Dave Simmonds, Kirklytham, June 2014

David Simmonds. ex-integrante del Colegio Aga Khan, Nairobi

Comentario: Una noche en Buganda

Cuando un grupo de profesores en formación de Europa y América llegó a Kampala a mediados de los años sesenta, se encontraron con un país ecuatorial precioso, con flora y fauna exótica, y un pueblo colorido maravilloso en su apertura y espontaneidad. Recién independiente, el ambiente era optimista y progresista. Sin embargo, la agitación social y política a finales de los años sesenta llevó, finalmente, en 1971, a un golpe de Estado militar que instaló a Idi Amin en el poder como dictador absoluto, y comenzó en Uganda un período terrible de amenaza y destrucción sin sentido.

Uno de los maestros, Robert Gurney, ha recogido sus propias anécdotas y observaciones y también las de muchos de sus amigos, conocidos y colegas, que vivieron la revolución post-colonial de Uganda. Mirando hacia atrás en sus juventudes perdidas, así como la inocencia perdida de Uganda, este bolso muy mezclado de cuentos y testamentos contiene lo divertido, lo ingenuo, lo conmovedor, lo informativo, y también lo profundo. A través de ellos Gurney ha extraído una sola “muestra del núcleo ‘a través de los tiempos complejos y difíciles. Como resultado, se obtiene una visión única y fascinante de aquellos días y noches en Buganda.

David Simmonds, junio 2014


Lilian Hayball and Mike Clarke, Science teachers, Kololo, Mmengo and Kibuli Secondary Schools, Kampala, 1966-1973
A blast from the past!

Dusty heatwaves seemed to emanate from this heavy tome as I drew it from the packet.
My memory took flight.
Even before I had opened your book, for me the East African horizon stretched round me 360 degrees.
The Kigelia sausage tree was domed by an impenetrable steely blue sky, strewn with white fluffy clouds.
As quickly as they drifted away, dark oppressive storm clouds began hastening towards us.
A sharp little wind teased up dust motes at our feet.
Half the sky from the ground up turned black.
The wind sharpened.
Deep red streaks of a sunset curved behind us, as we assessed the storm and its strength.
The last of the sun’s rays lit up a far stand of fat Baobabs, silhouetted in the apparently barren landscape.
Dusk approached and with it large drops of rain fell out of the sky.
Time to seek shelter.

We remember Verulamium Press, and the ruins at Verulamium, visited often.
Thank you for making the effort to bring this book together, it is wonderful!
We will continue to dip into it and have our memories jogged by the numerous anecdotes.
Limassol, Cyprus, June 2014

Mike Clarke

In answer to the question “Should I write a second volume of stories”:
Mike says “Maybe”…but he reasons that the market for a second volume may be rather smaller than for the first one.
He says this one is wonderful, and UNIQUE. It would lose its uniqueness, unless you are thinking to add to the Africa series.
E-mail from Lilian Hayball, Cyprus, 03.05.14

Alejandro Drewes, Poet

Es un tipo de literatura que me ha apasionado siempre; pienso en especial en las memorias de mi amada Karen Blixen y su granja en Kenya.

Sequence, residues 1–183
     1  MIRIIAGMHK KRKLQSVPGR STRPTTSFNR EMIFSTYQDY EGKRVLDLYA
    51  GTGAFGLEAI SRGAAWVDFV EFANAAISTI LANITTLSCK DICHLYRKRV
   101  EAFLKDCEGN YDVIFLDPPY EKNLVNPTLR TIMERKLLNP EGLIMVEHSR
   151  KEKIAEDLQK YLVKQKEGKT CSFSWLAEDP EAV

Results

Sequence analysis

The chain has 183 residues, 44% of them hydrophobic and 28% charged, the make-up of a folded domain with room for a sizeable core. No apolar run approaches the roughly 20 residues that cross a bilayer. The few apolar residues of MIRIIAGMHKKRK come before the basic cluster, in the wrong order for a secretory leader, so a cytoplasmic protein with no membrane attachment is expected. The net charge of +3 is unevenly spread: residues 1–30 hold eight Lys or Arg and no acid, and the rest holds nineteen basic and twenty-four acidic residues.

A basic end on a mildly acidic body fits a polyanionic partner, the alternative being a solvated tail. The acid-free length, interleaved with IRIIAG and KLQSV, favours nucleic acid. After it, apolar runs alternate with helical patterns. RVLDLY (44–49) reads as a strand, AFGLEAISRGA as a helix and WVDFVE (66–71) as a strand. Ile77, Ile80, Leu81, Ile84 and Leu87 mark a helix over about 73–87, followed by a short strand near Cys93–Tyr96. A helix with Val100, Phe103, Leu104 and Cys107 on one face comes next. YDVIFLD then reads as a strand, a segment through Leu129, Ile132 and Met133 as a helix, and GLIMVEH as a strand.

It is a type of literature that has always fascinated me; I am thinking especially of the memoirs of my beloved Karen Blixen and her farm in Kenya.
Buenos Aires, June 2014

Dr Michael Tribe, formerly Lecturer in Economics, Makerere University College, Kampala.

A preliminary skirmish with it suggests that it is an eminently ‘dippable’ book – not one to be read through from beginning to end as it were – but this is a very good attribute. Congratulations – it captures the atmosphere very well.
Glasgow, 2014

Niall Herriott, Head of Biology, Namilyango School, Buganda (1965-1967)

Hi Bob, thanks for the book, it’s a great read, really enjoying it, will send comments when finished.

Kilmichael, County Cork, Republic of Ireland, 2014

David Smith, Economics and Geography teacher, Kololo Senior Secondary School, Kampala (1965-1970)

Just finished A Night in Buganda—great read and superb nostalgia. So many memories of places, events, stories and old friends. Congratulations on a fine achievement. We must get together soon to celebrate publication.
Bexley, Kent, 2014

Ian Warburton, Computer Programmer

I read some of A Night In Buganda. Its great. Many great moments like the guy with the crumbling house on the mountain, the snake spitting at the windscreen and the tribal war in the car park.
St Albans, 2014


Robert Gurney lived in Uganda between 1964 and 1967, key years in Uganda’s history. Robert has compared the memories of those eventful years to a compressed file. It was almost impossible at the time to make total sense of the fast-moving events.

He attended Luton Grammar School where his Spanish master, Enyr Jones of Gaiman, Chubut, in Patagonia, shared with his pupils a view of Spanish and Latin American literature imbued with a Latin American and Welsh sensibility. Enyr Jones was the most relaxed of his teachers and seemed to like the pupils. His method was one of close textual and linguistic analysis, for example of the novel Pensativa by José Goytortúa Santos (Mexico),  Zalacaín el aventurero by the Basque novelist Pío Baroja, Cervantes’ Don Quijote and Las novelas exemplares.  One of the French authors studied in the Sixth Form was Albert Camus whose novel L’étranger and Existentialism left an indelible impression on the whole class.